GENEVA BIBLE 1599
The Bible of the Pilgrims who founded America and also the Bible of the Reformation.
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1 And when they were come safe, then they knew that the Isle was called (a) Melita.
(a) That is it which at this day we call Malta.
2 And the Barbarians shewed us no little kindness, for they kindled a fire, and received us every one, because of the present shower, and because of the cold.
3 (1) And when Paul had gathered a number of sticks, and laid them on the (*) fire, there came a viper out of the heat, and leaped on his hand.
(1) The godly are sure to have danger upon danger, but they have always a glorious issue.
(*) Or, heap.
4 (2) Now when the Barbarians saw the worm hang on his hand, they said among themselves, This man surely is a (*) murderer, whom, though he hath escaped the sea, yet (b) (♣) Vengeance hath not suffered to live.
(2) Although adversity be the punishment of sin, yet seeing that God in punishing of men doth not always respect sin, they judge rashly, who either do not wait for the end, or do judge and esteem of men according to prosperity or adversity.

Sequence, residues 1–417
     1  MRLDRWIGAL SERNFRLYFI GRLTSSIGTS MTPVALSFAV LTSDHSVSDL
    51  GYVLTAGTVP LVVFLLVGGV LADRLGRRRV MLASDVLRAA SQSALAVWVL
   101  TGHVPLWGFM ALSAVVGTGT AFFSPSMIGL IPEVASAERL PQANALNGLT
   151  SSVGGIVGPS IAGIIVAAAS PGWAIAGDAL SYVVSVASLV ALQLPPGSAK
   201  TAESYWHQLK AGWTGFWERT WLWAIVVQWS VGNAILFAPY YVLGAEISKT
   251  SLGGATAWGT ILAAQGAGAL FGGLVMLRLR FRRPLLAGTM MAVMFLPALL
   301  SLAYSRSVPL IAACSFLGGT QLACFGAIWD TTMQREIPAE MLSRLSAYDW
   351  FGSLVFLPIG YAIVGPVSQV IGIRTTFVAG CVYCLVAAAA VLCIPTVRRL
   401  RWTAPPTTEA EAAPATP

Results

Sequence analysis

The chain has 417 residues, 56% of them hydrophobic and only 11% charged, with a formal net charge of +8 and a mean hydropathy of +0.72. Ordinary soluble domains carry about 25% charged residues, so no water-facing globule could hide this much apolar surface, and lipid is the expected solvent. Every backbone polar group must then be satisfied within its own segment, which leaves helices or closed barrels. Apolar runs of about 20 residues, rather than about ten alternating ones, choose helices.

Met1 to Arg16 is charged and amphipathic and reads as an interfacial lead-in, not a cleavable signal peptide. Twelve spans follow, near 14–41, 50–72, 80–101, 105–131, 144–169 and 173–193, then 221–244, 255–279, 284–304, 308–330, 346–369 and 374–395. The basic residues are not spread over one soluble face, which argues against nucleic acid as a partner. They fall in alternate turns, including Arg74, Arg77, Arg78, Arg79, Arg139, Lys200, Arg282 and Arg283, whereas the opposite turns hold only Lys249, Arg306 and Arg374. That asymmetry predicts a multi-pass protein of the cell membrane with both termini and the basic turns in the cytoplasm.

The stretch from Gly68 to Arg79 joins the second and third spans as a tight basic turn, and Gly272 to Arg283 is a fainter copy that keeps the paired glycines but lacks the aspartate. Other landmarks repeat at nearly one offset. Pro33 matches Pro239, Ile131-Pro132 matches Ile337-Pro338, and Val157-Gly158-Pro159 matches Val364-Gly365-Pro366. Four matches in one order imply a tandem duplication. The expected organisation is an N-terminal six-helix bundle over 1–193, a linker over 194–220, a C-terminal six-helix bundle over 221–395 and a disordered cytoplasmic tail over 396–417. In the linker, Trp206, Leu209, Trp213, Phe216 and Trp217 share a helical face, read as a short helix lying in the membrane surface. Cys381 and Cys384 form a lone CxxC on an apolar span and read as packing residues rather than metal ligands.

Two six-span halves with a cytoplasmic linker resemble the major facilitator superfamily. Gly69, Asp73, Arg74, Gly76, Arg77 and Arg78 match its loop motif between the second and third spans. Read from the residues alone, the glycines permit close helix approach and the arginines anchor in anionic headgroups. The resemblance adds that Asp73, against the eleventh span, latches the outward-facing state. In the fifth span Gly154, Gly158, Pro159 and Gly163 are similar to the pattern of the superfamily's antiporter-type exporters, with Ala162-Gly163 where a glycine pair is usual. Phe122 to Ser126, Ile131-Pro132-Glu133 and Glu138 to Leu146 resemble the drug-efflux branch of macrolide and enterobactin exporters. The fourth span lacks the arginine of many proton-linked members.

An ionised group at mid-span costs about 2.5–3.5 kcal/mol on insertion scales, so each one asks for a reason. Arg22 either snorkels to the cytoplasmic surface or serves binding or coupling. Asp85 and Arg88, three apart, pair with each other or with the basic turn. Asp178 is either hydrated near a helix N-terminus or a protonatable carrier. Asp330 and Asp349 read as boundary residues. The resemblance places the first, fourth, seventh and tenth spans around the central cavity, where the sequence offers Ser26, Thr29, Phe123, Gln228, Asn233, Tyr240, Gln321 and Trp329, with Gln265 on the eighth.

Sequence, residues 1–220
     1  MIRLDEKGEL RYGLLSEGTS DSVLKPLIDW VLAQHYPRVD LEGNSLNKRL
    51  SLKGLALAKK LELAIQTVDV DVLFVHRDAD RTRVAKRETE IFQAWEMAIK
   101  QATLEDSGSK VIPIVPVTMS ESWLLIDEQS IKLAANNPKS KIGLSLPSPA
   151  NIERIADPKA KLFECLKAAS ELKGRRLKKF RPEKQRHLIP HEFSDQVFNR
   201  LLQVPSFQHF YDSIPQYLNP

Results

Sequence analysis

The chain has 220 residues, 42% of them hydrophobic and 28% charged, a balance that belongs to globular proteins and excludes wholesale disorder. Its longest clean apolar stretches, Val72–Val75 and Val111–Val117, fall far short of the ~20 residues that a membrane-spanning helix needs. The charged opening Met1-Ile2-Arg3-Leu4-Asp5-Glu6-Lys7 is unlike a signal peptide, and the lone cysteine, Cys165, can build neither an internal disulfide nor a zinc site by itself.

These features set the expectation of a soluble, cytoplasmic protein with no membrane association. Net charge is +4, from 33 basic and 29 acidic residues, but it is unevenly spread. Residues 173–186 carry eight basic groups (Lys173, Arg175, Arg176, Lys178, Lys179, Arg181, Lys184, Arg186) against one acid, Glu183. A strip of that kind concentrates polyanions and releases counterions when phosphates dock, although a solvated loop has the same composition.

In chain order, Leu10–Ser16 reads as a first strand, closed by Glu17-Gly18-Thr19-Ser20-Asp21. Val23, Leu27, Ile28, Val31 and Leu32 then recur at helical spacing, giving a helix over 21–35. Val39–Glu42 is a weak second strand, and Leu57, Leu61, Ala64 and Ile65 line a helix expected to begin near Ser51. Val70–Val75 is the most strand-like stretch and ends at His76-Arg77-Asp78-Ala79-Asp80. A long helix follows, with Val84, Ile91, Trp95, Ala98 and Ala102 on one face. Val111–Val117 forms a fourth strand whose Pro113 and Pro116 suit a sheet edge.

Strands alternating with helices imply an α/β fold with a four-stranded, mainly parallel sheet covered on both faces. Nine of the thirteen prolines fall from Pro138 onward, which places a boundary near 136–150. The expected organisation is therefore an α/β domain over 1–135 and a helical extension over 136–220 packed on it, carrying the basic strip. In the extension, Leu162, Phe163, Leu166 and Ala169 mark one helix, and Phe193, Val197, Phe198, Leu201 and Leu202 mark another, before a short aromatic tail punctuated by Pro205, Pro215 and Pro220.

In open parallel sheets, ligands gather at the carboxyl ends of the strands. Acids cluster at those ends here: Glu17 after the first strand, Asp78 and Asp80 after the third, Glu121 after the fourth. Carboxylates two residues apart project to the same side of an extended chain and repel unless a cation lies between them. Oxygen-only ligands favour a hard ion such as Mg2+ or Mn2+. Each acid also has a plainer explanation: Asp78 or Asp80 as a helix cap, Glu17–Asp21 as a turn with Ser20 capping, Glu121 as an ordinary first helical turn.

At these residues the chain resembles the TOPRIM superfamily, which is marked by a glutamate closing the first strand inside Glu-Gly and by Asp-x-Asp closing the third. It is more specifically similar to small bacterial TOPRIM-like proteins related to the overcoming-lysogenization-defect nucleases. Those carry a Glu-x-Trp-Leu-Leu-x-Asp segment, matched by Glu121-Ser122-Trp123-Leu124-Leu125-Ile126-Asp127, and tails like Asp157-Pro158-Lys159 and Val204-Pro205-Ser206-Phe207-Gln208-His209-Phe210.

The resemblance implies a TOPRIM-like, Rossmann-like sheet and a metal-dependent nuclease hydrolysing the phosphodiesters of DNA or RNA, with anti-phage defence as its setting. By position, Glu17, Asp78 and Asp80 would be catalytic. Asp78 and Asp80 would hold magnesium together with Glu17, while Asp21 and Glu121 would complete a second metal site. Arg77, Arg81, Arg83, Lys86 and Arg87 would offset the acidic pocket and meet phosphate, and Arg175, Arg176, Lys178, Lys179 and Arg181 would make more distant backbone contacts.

(*) Such is the perverse judgment of men, that they condemn
such as they see in any affliction.
(b) Right and reason.
(♣) Whom they made a goddess and called her Dice or Nemesis.
5 But he shook off the worm into the fire, and felt no harm.
6 Howbeit they waited when he should have (c) swollen, or fallen down dead suddenly, (3) but after they had looked a great while, and saw no inconvenience come to him, they changed their minds, and said, That he was a (*) god.
(c) The Greek word signifieth, to be inflamed, or to swell;
moreover Dioscorides in his sixth book 6 chapter 38;
witnesseth that the biting of a viper causeth a swelling of